Advertisement
YOU ARE HERE: LAT HomeCollections

East Valley Focus

PACOIMA : Future Uncertain for Agency's Employees

October 26, 1994|TIM MAY

Resume-writing classes began Tuesday morning at Keeping the World at Peace Inc. as employees of the nonprofit agency prepared to look for other work in the face of the agency's financial and managerial difficulties.

Debra J. Santos, executive director of the agency, told her 10 employees Friday that she could no longer pay them because funding from CTSI Corp., the company that administers a water conservation program for the city of Los Angeles, has been cut back.

But Santos' employees showed up for work this week anyway, vowing to continue working as long as possible.

"We're not closed yet," Santos said, though the agency is helping workers prepare for potential job searches.

The agency, which opened last year, may soon shut down its water conservation program, which distributes free ultra low-flush toilets in exchange for old, high consumption models. The older toilets are collected for recycling. But a computer-training and services program offered by the agency will continue to operate--out of someone's home, if necessary, Santos said.

Santos and other employees will discuss the agency's future at noon Thursday at the Pacoima Coordinating Council's meeting at the Boys & Girls Club of San Fernando Valley, 11251 Glenoaks Blvd.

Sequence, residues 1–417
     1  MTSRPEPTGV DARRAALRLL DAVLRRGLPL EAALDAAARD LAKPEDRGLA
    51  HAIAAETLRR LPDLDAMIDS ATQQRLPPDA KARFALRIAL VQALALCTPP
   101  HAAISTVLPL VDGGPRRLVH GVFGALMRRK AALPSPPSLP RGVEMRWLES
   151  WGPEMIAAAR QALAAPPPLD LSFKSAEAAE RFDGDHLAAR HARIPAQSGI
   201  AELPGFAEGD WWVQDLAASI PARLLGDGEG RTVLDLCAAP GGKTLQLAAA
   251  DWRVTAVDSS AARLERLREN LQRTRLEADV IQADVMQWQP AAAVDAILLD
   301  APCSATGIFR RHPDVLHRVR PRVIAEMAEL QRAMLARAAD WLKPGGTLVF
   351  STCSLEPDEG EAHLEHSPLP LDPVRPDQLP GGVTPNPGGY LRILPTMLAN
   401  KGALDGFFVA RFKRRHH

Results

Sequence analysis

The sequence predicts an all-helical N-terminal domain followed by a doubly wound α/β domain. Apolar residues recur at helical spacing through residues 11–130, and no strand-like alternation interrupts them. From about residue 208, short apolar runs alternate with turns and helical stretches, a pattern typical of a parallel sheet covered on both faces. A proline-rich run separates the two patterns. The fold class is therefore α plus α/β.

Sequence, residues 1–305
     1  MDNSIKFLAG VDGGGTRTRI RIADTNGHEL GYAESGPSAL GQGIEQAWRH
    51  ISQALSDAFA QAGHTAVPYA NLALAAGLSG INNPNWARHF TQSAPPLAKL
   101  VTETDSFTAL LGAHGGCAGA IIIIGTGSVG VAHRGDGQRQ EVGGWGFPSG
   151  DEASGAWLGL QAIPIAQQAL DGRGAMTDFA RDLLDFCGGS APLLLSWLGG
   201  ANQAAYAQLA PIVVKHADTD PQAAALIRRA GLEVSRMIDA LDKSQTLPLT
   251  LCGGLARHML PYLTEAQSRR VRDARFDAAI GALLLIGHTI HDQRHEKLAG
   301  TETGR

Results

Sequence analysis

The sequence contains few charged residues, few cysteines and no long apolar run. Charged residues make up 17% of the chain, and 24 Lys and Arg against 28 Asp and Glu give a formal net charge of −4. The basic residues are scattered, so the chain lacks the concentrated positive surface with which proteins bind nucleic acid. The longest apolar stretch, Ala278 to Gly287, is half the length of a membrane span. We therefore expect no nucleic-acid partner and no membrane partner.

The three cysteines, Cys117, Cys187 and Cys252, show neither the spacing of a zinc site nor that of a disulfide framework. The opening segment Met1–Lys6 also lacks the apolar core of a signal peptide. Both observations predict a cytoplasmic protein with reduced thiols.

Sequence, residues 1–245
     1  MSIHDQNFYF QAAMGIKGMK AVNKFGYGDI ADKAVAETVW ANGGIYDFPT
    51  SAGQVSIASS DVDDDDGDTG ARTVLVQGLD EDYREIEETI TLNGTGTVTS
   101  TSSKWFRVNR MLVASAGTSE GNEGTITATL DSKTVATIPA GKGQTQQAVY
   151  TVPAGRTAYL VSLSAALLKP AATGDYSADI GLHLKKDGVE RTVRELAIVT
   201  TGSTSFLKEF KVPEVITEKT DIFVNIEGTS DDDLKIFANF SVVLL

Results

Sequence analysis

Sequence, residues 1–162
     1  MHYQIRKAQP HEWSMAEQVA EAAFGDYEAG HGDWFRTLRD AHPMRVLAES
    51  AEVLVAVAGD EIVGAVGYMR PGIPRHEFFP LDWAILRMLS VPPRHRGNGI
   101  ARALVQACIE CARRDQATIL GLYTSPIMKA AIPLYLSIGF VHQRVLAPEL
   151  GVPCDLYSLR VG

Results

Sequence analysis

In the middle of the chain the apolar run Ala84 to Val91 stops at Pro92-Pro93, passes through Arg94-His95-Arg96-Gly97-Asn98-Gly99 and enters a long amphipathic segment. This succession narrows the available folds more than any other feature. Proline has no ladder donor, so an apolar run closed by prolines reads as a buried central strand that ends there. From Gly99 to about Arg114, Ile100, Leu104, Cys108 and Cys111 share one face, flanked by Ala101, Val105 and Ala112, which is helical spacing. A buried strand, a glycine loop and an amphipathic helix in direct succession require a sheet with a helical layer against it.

Keeping the World at Peace and other community groups in the Los Angeles area receive a $25 rebate for each old toilet replaced by a new low-flush model. But CTSI Corp., the Orange County-based company that manages the program for the Los Angeles Department of Water and Power and the Metropolitan Water District, began reducing the amount of payments to the agency several weeks ago, Santos said.

CTSI Corp. has denied any responsibility for the agency's problems. A company spokesman contended the agency's production has fallen off recently, citing that as the reason for the funding reduction.

"Basically, they were never able to make a go of it," said Rick Ruiz, program manager for CTSI. "They had problems from the beginning. It's unfortunate their incompetence may hurt the program."

Ruiz said the toilet exchange program would continue operating even if Santos' organization closes. "We are asking people who want low-flush toilets to call 1-800-660-8028. We'll tell them where they can get them," he said.

Santos accused CTSI of "squeezing us out of business" to cover up mismanagement of the conservation program.

Both sides accuse the other of refusing to communicate.

The Metropolitan Water District has refused to get involved in the dispute, saying it is up to the two organizations to work out their differences.

Advertisement
Los Angeles Times Articles
|
|
|